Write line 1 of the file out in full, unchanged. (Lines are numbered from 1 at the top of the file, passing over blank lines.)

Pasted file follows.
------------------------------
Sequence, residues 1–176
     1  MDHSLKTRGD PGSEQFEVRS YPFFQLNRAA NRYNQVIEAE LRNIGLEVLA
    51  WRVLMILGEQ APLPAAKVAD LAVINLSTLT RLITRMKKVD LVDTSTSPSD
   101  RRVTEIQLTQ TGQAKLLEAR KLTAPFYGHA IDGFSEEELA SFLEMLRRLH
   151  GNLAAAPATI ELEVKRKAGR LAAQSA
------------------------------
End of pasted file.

Sequence, residues 1–176